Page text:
Monday, 21 September 2015

My Past Investment Mistake

In recent times, I had purchased a stock called Penguin International. Then it was 20+ cents and had price earnings and free cash flow ratio in the low single digits. It was a value investor's dream reporting strong growth and was priced attractively at its reported numbers. However, the share price has moved south and is now at 12 cents.

What Changed?

I had overlooked the fact Penguin's earning could be affected by a downturn. Penguin’s customers were companies in the oil & gas industry. Unfortunately, a downturn did happen and now deliveries and orders for its vessels has slowed. As a result, lesser revenue was recognized with increasing inventories. Penguin’s profitability only decreased one year after the slump of oil price.

Learning Points

This episode showed how reported numbers are merely the rear view mirror of a car; no matter how good they are, what matters is where the road is heading to. And to learn about the future earnings of a company, it is down to our ability to comprehend the industry's outlook. This is particularly true for cyclical industries such as: Oil gas, Property/REITS, Commodities and Shipping.

For example, while local properties companies have reported slightly increased profits, their share prices have stagnated or declined. This is likely due to their revenue recognition method. Majority of revenue currently recognised are for residential projects which had been sold in 2011/2012. Their Singapore segment will experience a decline later as residential sales had slowed since 2013. This too is applicable for Sembmarine and Keppel, where order books are only starting to decrease only a year after the oil slump.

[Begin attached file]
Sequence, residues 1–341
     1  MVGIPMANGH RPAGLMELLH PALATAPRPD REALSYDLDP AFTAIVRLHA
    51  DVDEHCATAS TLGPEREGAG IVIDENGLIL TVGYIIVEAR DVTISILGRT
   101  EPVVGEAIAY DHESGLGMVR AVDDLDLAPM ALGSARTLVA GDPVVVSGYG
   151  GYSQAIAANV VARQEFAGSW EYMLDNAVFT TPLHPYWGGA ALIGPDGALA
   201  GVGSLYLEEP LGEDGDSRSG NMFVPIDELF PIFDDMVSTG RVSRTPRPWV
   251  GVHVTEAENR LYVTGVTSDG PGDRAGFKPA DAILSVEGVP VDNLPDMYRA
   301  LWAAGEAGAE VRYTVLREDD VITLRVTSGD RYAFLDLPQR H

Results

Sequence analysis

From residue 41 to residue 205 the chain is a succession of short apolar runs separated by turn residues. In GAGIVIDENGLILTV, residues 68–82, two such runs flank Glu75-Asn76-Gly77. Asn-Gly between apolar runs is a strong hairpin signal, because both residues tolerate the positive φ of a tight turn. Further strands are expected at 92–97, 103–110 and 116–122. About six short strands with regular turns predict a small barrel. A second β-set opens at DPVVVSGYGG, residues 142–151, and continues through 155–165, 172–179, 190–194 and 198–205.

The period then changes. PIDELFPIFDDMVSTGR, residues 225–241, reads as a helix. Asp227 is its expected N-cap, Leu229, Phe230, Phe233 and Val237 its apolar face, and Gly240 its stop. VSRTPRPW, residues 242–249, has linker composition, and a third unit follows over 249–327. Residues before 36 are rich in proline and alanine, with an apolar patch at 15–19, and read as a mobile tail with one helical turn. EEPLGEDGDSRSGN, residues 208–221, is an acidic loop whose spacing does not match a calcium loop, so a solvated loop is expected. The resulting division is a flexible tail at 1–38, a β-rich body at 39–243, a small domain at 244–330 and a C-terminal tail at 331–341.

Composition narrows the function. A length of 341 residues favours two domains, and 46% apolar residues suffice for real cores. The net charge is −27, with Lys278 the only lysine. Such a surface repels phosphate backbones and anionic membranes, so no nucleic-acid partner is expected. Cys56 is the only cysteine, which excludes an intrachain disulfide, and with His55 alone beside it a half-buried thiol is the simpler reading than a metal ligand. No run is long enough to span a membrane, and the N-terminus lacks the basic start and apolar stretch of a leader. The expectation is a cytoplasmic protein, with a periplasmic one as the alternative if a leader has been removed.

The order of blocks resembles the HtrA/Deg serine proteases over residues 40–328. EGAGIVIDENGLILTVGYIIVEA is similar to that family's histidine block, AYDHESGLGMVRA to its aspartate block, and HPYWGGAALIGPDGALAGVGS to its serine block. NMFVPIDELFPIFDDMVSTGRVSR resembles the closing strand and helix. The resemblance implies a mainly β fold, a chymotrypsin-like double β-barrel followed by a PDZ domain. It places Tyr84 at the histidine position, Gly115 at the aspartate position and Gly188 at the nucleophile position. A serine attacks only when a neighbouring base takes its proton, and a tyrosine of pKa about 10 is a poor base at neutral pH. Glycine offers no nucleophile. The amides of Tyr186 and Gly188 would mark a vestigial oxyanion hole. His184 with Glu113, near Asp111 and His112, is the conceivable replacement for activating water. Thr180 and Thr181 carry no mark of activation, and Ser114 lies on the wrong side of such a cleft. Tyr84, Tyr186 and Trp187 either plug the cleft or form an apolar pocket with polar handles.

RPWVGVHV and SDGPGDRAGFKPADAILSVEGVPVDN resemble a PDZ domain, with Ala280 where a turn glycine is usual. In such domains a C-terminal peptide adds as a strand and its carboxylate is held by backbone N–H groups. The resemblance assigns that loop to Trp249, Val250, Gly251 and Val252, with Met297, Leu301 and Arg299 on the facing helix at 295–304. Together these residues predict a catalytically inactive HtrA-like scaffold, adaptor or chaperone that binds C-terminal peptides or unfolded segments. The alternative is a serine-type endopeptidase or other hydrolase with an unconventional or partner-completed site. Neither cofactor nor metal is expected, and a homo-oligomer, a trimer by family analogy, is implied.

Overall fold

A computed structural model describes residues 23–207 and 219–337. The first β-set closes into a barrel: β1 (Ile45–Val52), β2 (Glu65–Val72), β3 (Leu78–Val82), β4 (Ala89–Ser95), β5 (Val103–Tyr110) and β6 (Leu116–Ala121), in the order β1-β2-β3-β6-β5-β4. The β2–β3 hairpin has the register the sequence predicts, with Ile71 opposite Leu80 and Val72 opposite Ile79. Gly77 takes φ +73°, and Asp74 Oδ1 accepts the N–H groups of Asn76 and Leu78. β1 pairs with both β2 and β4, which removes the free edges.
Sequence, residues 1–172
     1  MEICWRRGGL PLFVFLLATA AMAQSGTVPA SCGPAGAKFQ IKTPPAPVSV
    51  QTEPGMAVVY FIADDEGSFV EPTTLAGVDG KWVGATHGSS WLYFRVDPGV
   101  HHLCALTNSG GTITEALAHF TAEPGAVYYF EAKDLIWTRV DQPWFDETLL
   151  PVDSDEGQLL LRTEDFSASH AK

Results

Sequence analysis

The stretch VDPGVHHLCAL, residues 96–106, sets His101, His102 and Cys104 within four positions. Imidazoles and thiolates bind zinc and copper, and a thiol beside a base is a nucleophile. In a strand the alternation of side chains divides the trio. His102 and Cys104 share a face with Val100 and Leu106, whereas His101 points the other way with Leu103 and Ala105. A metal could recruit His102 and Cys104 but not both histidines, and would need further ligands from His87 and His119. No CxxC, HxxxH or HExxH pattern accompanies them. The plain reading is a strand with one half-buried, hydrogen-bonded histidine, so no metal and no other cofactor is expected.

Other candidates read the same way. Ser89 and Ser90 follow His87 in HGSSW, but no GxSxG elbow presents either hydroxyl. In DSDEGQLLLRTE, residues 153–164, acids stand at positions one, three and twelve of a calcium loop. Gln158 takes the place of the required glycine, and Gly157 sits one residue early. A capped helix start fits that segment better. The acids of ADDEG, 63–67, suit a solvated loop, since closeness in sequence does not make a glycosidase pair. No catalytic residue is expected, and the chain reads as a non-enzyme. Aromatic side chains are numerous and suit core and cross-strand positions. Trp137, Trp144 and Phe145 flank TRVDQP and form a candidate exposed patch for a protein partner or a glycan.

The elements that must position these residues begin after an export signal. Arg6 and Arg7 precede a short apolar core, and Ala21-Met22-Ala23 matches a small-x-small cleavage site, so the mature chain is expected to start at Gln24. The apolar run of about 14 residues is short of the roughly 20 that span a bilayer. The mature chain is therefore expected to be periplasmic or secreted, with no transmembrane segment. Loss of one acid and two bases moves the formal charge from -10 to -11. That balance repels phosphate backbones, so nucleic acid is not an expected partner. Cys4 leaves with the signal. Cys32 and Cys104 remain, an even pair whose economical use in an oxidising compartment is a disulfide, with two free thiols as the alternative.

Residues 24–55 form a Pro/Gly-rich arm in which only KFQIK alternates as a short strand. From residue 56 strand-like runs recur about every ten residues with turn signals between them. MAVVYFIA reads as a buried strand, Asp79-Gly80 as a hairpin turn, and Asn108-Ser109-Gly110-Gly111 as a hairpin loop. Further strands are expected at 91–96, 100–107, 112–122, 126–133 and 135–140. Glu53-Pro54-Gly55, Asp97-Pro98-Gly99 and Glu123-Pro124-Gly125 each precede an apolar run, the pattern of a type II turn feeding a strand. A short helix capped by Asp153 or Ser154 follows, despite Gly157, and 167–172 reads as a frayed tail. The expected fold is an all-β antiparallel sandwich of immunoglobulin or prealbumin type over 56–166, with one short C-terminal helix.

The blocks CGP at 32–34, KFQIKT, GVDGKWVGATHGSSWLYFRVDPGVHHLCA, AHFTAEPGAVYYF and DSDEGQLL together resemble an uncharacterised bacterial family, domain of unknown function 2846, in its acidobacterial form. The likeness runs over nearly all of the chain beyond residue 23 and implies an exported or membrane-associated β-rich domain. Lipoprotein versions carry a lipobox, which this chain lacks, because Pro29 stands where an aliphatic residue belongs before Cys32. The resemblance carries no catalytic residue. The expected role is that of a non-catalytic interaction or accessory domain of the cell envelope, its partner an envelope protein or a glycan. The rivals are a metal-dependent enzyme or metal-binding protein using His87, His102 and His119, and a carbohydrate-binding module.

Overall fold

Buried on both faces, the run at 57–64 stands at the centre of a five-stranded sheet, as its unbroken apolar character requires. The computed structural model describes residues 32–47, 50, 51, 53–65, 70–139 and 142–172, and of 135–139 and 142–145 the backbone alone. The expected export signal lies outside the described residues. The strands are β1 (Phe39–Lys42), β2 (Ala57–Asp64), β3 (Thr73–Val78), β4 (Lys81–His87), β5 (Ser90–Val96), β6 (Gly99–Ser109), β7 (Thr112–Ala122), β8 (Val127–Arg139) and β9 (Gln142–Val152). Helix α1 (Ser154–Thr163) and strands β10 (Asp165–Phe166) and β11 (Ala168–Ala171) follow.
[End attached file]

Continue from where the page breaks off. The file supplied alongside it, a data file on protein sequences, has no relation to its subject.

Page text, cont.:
Hence when investing in cyclical companies, it is always important to understand where the industry is heading before investing. While the financial ratios may look good at the current share price, there may be a reason why Mr. Market is still pricing the company at a low figure.


  1. This comment has been removed by the author.

  2. I think to know the future is tough, no one can know that oil will be this low when we were in August last year. So for cyclical stock, we can hardly tell when it peak and bottom. As for me, I feel safer buying several blue chip.

    And who know those who buy now are buying at the bottom. We don't know for sure with so many noises saying oil will be this and that by so call expert we read about them in marketwatch and cnbc.

    So are you still holding to your Penguin? I have a friend who bought higher at 26c. Wish you all the best.


  3. Hi Victor,

    yes, still holding on to Penguin. This is because the price has fallen to rather low levels that a sufficient margin of safety exists in the stock. It will be hard to find companies with that high margin of safety to shift into, the only one i can think of is Silverlake.

    The net book value is 21 cents vs current price of 12 cents. Just that Penguin is unlikley to produce free cash flow over the net 2 years.